It is real kind of Hold the Dark, the fourth film directed by Jeremy Saulnier, to sum up all of its problems in one single shot. Or, I guess, a pair of shots. Late in the film, there's a very long, extravagant gun battle (no spoiler: it is one of the only things anybody has been discussing about the film, in part because it is one of the only things about the film that's very interesting), and during this gun battle a man is shot, and goes flying in extremely dramatic slow-motion. That's not the shot. The shot comes right after, as we see a dog barking, also in extremely dramatic slow-motion, and the basic rules of continuity editing insist upon our viewing this as the dog's highly melodramatic "nooooo!" reaction to the human's death. It is ridiculous and stupid, so incredibly serious and po-faced that it goes from seeming sincere to feeling like self-parody and then back to sincere, because if you're doing a parody of this kind of unbelievably grave, ultra-gloomy Cinema Of Human Misery, you probably wouldn't have the balls to be that overt about it.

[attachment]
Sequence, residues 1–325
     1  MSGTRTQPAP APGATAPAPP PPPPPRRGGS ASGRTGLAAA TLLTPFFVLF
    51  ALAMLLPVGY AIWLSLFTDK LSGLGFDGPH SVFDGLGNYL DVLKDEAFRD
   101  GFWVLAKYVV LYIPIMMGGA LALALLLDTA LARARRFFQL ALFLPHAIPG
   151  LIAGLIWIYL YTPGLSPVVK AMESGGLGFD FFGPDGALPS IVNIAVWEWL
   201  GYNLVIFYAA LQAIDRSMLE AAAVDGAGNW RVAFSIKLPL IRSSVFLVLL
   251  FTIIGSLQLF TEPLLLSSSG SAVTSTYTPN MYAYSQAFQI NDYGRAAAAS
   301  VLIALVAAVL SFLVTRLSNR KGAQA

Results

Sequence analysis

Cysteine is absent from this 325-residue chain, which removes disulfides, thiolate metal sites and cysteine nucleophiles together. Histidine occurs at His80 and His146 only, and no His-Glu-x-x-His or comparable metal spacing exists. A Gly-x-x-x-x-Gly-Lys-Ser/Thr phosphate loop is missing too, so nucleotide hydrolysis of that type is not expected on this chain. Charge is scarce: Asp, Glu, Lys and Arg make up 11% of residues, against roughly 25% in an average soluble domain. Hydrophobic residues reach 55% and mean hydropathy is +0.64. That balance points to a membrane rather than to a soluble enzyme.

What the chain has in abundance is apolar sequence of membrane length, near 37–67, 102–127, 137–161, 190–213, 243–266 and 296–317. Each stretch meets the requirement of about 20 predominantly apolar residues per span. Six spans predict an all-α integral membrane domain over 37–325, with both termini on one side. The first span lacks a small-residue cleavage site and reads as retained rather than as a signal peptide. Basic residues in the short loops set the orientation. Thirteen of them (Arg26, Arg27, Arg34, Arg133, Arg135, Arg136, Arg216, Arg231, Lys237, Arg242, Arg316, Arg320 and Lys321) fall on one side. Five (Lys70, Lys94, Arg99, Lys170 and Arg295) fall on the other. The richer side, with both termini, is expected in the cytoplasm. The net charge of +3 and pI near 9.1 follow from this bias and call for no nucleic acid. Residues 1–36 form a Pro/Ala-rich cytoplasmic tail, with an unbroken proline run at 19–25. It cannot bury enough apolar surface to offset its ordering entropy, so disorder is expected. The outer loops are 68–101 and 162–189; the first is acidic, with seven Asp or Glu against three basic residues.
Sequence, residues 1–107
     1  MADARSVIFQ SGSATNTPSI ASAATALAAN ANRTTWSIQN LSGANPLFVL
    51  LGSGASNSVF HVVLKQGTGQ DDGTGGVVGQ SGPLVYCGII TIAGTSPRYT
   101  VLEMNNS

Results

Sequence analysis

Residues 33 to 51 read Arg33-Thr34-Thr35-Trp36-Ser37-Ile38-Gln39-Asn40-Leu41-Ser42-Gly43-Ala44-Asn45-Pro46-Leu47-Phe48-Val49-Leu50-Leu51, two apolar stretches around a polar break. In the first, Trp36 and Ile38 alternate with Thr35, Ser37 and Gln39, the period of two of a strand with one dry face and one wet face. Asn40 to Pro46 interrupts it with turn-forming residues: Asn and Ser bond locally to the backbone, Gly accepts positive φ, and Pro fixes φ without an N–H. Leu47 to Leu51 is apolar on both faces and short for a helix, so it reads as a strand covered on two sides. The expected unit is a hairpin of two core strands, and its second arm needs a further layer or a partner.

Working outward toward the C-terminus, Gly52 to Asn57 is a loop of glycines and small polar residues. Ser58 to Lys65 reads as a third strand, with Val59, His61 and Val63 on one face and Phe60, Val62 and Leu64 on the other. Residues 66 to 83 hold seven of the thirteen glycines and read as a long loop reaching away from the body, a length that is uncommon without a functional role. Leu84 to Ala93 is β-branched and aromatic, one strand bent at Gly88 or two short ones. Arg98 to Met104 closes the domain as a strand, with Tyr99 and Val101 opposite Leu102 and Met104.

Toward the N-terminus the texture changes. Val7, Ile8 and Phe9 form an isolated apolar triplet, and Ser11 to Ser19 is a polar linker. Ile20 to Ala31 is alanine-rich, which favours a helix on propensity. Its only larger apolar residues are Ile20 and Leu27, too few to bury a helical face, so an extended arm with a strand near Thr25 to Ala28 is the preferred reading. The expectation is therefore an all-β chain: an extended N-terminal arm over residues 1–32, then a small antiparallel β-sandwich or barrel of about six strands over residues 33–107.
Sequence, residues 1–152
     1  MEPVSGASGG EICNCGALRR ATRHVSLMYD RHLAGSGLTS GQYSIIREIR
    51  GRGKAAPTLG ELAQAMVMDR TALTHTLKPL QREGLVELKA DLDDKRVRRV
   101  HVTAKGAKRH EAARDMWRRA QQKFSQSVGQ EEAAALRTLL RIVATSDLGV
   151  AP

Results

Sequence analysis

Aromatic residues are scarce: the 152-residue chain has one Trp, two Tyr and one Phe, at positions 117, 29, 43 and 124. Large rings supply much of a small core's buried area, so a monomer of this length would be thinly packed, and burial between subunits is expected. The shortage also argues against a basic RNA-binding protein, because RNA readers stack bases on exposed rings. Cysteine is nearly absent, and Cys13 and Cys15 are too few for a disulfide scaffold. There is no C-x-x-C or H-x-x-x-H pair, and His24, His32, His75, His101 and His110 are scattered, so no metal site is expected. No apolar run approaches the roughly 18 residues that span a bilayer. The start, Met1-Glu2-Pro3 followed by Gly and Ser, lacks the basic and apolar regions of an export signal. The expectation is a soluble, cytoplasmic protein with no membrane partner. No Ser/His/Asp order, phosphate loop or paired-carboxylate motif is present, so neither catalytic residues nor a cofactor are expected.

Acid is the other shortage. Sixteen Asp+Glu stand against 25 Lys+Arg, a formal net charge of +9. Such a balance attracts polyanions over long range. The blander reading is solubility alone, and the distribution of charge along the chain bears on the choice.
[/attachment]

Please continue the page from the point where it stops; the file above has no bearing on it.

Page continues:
And that is, I am sorry to say, more or less the complete experience I had in connection to the film. It is incredibly mirthless - aggressively, obsessively so. This is generally not a great thing ever,* serving as it so often does that a filmmaker has formed an unhealthily admiring relationship with the recesses of their own asshole, but it's particularly dismaying in the case of Saulnier, whose last two films - 2013's Blue Ruin and 2015's Green Room - are both charged with a tense comic energy that doesn't at all deflate the tension and violent mood that permeates both of those thrillers, but instead sets it off, somehow sharpening the films' focus. It's comic anti-relief. Hold the Dark has absolutely no such ambitions: I am genuinely not sure if there is even one line of dialogue or facial expression at any point in its lumbering two hours and five minutes that qualifies as a deliberate gag (and of accidental gags, there are few beyond that dog).

It's very tempting to blame this on the fact that Hold the Dark is the first time that Saulnier hasn't written his own script: the film was adapted from William Giraldi's book by Macon Blair, the director's longtime friend and (as an actor) collaborator. On the other hand, Blair's screenplay for his own directorial effort, I Don't Feel at Home in This World Anymore, can hardly be accused of lacking a sense of humor (indeed, its biggest problem might be that it has too much of one), so maybe we should take the path of even less resistance, and blame it all on Netflix, which has done a really exemplary job in 2018 of transforming itself in the place where genre films are much worse than they have any reason to be.